I think that first of all I fear a movement towards an overvaluing of saying "lord, lord!" - but I also wonder, for one such as me, who is interested in doing god's work (as I and my community understand it, as it is revealed to us) while not necessarily even believing in God.

To me it seems that I am jesus' "good samaritan" - someone who is outside the "fold" of earthly divisions, and yet is truly living a godly life (no matter what he may call it)

It appears to me that Jesus taught us to focus on love and justice rather than dogma and words. It seems to me that I am simply following that (because it is right, and not because he said it) to one of its logical conclusions.



Thee, Hannah! said...

(I get this from my mother, who had perfect attendance for 15 years to her Episcopal Sunday school but claims it "didn't do any permanent damage".)

My parents never talked to my brother and I about God or Jesus. Never. Nevertheless, my mother, at least, was raised in what passed as a Christian household (although not a devoutly one), and firmly believes that it's pretty hard to screw up your life if you stick by the Ten Commandments. However, she objects very strongly to forcing them on people in that form (such as having them posted in courtrooms). Nor does she follow them in the name of God or Jesus or anything other than good old common sense and respect for each other.

I don't see why someone like that should be forced into Christian terminology when they are essentially already "walking the walk", even though she refuses to assume the title because she does not believe in God.

Sorry, that's pretty off-topic. You already know I have a major issue with something that I think ought to be a question of semantics and not a major verbal food-fight.

earthfreak said...

well, though, semantics can be pretty important. I get pretty freaked out when people insist that words don't have to mean exactly what they mean.

Now, I waffle on the word "God" - I use it pretty freely to mean some sort of "the best truth we get to when we come together with love and without pettiness and such" or various other things that would take a lot of words to say. I adamantly DON'T believe in "God" who made Adam and Eve in his image, or even who is a guy who that was based on. I just don't.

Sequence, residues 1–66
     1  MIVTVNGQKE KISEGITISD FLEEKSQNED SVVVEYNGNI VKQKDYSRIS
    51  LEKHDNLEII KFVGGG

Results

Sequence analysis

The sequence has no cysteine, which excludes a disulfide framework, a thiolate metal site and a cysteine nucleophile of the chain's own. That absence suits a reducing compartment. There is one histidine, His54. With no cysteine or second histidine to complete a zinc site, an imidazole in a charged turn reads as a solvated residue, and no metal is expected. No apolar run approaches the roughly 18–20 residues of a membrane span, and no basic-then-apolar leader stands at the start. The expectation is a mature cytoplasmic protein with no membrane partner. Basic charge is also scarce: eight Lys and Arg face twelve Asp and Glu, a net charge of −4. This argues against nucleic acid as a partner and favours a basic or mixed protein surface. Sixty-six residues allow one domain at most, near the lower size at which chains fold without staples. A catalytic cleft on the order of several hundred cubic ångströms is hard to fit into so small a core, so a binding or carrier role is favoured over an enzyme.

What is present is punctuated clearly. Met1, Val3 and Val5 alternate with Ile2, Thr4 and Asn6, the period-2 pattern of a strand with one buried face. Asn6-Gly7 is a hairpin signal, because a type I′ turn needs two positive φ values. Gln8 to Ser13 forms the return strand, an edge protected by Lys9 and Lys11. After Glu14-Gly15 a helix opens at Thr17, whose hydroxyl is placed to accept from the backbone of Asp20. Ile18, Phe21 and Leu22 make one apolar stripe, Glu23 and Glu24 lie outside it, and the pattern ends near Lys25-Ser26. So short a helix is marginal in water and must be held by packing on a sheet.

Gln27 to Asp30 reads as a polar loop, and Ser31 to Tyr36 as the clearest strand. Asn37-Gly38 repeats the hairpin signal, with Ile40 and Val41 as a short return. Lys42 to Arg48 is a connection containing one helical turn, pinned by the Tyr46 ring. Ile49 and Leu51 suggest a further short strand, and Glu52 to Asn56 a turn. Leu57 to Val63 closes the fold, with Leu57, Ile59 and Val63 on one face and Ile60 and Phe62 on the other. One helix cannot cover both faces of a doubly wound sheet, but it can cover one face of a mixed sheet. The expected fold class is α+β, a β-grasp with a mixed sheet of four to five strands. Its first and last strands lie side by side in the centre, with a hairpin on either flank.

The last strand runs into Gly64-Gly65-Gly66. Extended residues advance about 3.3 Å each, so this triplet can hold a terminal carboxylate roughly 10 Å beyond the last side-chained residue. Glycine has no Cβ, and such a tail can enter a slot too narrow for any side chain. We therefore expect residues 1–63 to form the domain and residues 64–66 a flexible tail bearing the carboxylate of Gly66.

I, too, really struggle with the idea that if one follows (basically) the ten commandments because they make sense, or because one's core values say to, why is that worse than someone who does it because some authority figure tells them to???

I, personally, am much more comfortable with people who have an ingrained sense that killing is wrong than people who don't kill because it's written in the Bible. Partially because some pretty nasty stuff is also written in the Bible, but largely because I don't trust it much. Religion sometimes seems to have been created to serve as a conscience for people who don't have one. Now, I'm glad that they have something keeping them from killing people, but I'd feel much safer if it felt "true" to them.

Sometimes I wonder, if we could somehow convince people that Jesus said to tatoo your butt and walk around naked, how many people would??? How many people really value the Bible only because they're, well, sheep???

Now, I tend to think that I just know that killing people is wrong - I am a pretty compassionate person, and it hurts me to hurt others. I'm not sure if it's inborn, or if I was taught it at a young age, probably some combination thereof (generally, people who are abused all their lives find it hard to learn compassion, and some who were raised compassionately never "get it")

I'm guessing that your average Christian has a similar sort of "just knowing" - but for them it is so intertwined with jesus that they can't seperate it out. They fear that I, for example, just think it's a "good idea" rather than honoring it with my whole heart, as they do the word of Jesus. Perhaps they are scared that I will "change my mind" because it is not such a deeply held convinction. But it IS deeply held, it's just not tied up in faith in Christ.

And, of course, I'm using not killing people as an example, I'm really talking about the "voice of Christ" (or, for me, "truth" or "what's right")

I really do wonder what would happen if you seperated them - what if Jesus told you to kill someone?? Now, what I hear is, "he wouldn't" - but I think it's an important question. And actually, God did ask Abraham to kill his child. And Abraham was rewarded for his faithfulness in being willing to do so. I would have had some choice words for God myself. And I don't think it would be wrong, to say no.

Plain Foolish said...